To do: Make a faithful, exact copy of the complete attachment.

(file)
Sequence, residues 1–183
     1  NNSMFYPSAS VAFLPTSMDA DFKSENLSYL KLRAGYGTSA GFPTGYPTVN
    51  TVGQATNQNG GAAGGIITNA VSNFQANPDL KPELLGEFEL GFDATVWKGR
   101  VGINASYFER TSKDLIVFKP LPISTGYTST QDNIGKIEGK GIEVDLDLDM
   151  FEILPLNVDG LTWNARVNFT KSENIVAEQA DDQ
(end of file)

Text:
Sequence, residues 1–183
     1  NNSMFYPSAS VAFLPTSMDA DFKSENLSYL KLRAGYGTSA GFPTGYPTVN
    51  TVGQATNQNG GAAGGIITNA VSNFQANPDL KPELLGEFEL GFDATVWKGR
   101  VGINASYFER TSKDLIVFKP LPISTGYTST QDNIGKIEGK GIEVDLDLDM
   151  FEILPLNVDG LTWNARVNFT KSENIVAEQA DDQ